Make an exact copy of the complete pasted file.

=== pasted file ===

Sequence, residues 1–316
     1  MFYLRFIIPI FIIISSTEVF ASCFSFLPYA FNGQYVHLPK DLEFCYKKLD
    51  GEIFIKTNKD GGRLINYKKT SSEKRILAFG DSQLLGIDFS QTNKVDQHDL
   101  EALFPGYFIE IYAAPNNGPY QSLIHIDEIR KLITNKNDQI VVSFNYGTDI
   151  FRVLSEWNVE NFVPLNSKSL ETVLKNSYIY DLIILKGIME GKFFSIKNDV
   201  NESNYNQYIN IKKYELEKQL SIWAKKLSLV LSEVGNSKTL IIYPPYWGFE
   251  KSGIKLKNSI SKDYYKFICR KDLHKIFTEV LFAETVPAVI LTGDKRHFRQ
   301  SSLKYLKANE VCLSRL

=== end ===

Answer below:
Sequence, residues 1–316
     1  MFYLRFIIPI FIIISSTEVF ASCFSFLPYA FNGQYVHLPK DLEFCYKKLD
    51  GEIFIKTNKD GGRLINYKKT SSEKRILAFG DSQLLGIDFS QTNKVDQHDL
   101  EALFPGYFIE IYAAPNNGPY QSLIHIDEIR KLITNKNDQI VVSFNYGTDI
   151  FRVLSEWNVE NFVPLNSKSL ETVLKNSYIY DLIILKGIME GKFFSIKNDV
   201  NESNYNQYIN IKKYELEKQL SIWAKKLSLV LSEVGNSKTL IIYPPYWGFE
   251  KSGIKLKNSI SKDYYKFICR KDLHKIFTEV LFAETVPAVI LTGDKRHFRQ
   301  SSLKYLKANE VCLSRL